Ulcer microbe changes quickly to avoid immune attack

Helicobacter pylori’s high mutation rate aimed at evading body’s defenses, study suggests

The bacterium that causes stomach ulcers morphs at a breakneck pace when it first infects a person, apparently to dodge immune attack, researchers report June 13 in Nature Communications.

Helicobacter pylori sets up shop in the human stomach and can reside there for years or decades. Physician Barry Marshall of the University of Western Australia in Crawley led an international team that investigated how the bacterium evolves in a human host.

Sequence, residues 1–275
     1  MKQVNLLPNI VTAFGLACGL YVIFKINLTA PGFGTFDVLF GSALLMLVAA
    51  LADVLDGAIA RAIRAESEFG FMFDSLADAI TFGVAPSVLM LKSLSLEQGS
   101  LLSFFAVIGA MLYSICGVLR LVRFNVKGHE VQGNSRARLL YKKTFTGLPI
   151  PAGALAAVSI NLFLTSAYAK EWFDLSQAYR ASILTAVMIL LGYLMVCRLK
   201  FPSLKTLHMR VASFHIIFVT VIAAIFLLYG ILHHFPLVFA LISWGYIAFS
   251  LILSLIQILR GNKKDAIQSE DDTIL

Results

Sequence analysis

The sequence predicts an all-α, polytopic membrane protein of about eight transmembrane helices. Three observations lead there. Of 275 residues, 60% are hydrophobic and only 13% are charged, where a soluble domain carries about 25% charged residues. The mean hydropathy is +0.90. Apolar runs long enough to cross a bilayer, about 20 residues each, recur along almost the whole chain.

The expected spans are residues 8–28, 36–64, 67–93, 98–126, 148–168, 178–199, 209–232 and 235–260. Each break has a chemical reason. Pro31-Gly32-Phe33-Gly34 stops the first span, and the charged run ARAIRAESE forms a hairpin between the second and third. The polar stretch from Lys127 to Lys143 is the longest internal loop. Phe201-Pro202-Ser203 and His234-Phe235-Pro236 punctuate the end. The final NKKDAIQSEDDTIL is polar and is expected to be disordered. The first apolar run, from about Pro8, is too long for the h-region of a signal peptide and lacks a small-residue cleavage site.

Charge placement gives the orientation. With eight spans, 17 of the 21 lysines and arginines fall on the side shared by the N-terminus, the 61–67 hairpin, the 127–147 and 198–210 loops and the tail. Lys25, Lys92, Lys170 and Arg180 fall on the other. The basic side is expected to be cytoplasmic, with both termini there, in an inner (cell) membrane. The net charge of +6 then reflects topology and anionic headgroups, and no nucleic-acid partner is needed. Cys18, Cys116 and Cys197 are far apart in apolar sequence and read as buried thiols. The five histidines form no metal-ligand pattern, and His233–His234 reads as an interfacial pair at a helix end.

The scientists obtained samples of H. pylori from two volunteers infected with the microbe and then wiped out the infections with antibiotics. Three months later, the team reinfected both people with their own H. pylori bacteria. During the early weeks of the new infection, the bacteria mutated 40 to 50 times as fast as the earlier chronic infection samples.

The bacteria’s outer membrane proteins, which may be recognized by key players of the immune system, seemed particularly prone to change. The work suggests that H. pylori genes encoding those proteins come under intense pressure by the immune system during initial acute infection.

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